During his last suspension, the one regarding Winfield, the "baseball people" in the front office were finally able to develop a farm system that would soon spit out stars such as Andy Pettitte, Mariano Rivera and Derek Jeter.  The front office also began signing the right players which allowed the Yankees to return to the postseason.  Beginning in 1995 and ending in 2008, the Yankees made the playoffs every year.  They also won four World Series titles in that time period.

Today's baseball players can thank Mr. Steinbrenner's check book for the birth of free agency and how much they are making today.  Free Agency began with Steinbrenner signing pitcher Catfish Hunter to a $3.75 million contract in the '70s.  Some of the big names that Steinbrenner signed include Reggie Jackson, Roger Clemens, Mike Mussina, Jason Giambi, Winfield and Wade Boggs.

Steinbrenner was also known as a generous person off the baseball field.  He donated millions of dollars to needy school children, veterans who served the country, fire fighters, police officers, and numerous charities.  An elementary school in Tampa was renamed after him.  He also has the baseball field at UNC named after him, because his children attended the school.  He also donated $1 million to my school, Virginia Tech, following the tragedies of April 16, 2007.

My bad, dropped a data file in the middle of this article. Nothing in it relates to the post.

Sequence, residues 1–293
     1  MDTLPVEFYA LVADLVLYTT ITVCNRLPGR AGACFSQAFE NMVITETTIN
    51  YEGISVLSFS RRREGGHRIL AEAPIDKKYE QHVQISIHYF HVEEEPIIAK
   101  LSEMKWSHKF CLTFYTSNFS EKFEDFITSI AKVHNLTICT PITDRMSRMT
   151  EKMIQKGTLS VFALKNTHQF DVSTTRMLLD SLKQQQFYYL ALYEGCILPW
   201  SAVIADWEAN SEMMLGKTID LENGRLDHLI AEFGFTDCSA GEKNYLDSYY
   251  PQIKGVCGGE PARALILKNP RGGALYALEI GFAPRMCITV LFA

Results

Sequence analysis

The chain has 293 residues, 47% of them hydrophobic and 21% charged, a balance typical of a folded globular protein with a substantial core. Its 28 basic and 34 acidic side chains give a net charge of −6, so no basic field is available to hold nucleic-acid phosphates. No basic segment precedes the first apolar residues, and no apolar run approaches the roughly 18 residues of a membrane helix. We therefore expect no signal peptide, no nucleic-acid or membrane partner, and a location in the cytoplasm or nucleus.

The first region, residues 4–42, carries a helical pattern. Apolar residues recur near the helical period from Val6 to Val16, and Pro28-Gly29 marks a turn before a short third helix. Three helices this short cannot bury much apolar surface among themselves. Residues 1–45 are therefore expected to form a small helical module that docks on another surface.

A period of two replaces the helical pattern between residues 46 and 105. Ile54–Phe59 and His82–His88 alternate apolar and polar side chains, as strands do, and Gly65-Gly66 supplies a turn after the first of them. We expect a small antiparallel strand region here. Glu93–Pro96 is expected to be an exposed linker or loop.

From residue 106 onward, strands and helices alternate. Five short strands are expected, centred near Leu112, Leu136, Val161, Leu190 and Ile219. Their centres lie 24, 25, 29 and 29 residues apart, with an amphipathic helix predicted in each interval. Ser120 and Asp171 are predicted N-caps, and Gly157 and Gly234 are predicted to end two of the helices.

I also know of a man who benefitted greatly from Steinbrenner's contributions.  He paid for his high school tuition to Culver Academy, and became close friends with his son Hal.  This man is forever grateful for Mr. Steinbrenner's contributions to him and his family.

The void that is left behind with Mr. Steinbrenner's passing will be unbelievably large to fill.  There will never be another owner like him.  I am grateful that he has been able to keep my favorite team so competitive for so long.  I'll end the post with a few of my favorite Steinbrenner quotes I found yesterday as well as some thoughts from those who truly knew George Steinbrenner.

George Steinbrenner:
"Winning is the most important thing in my life, after breathing. Breathing first, winning next."
"I'm really 95 percent Mr. Rogers and only 5 percent Oscar the Grouch."
From the Steinbrenner Family:
"He was an incredible and charitable man," his family said in a statement. "He was a visionary and a giant in the world of sports. He took a great but struggling franchise and turned it into a champion again."
Derek Jeter:
It goes back to the first time I ever met him down in the Gulf Coast League. I had just signed, and you know, he was this figure that’s larger-than-life. Yeah, I was a Yankee fan, so I was well aware of him and his reputation. He came up to me and talked to me by name. I was more shocked that he knew who I was, but I guess because he gave me some of his money, he had to know who I was. Right from that day he said, ‘We expect big things from you.’ I’ll always remember that, because first impressions, you never forget. He expects a lot.”
Joe Torre:
“A lot of the huff and puff and blow the house down, there was so much more to him than that. Going into the job, I certainly went in with my eyes wide open. We all witnessed what went on from day to day and how tough it was to work for this man. But I knew I was at a crossroads in my career and when I accepted the job – I never hesitated in accepting the job in ‘96 – he was a great guy to work for because all he wanted to do was win. And in doing that he certainly spent a lot of money. He felt a great obligation to the fans in New York. The players would gripe about him and I would gripe about him and all that – tried not to do it publicly – but all he wanted to do was win and that’s what the city of New York was all about.”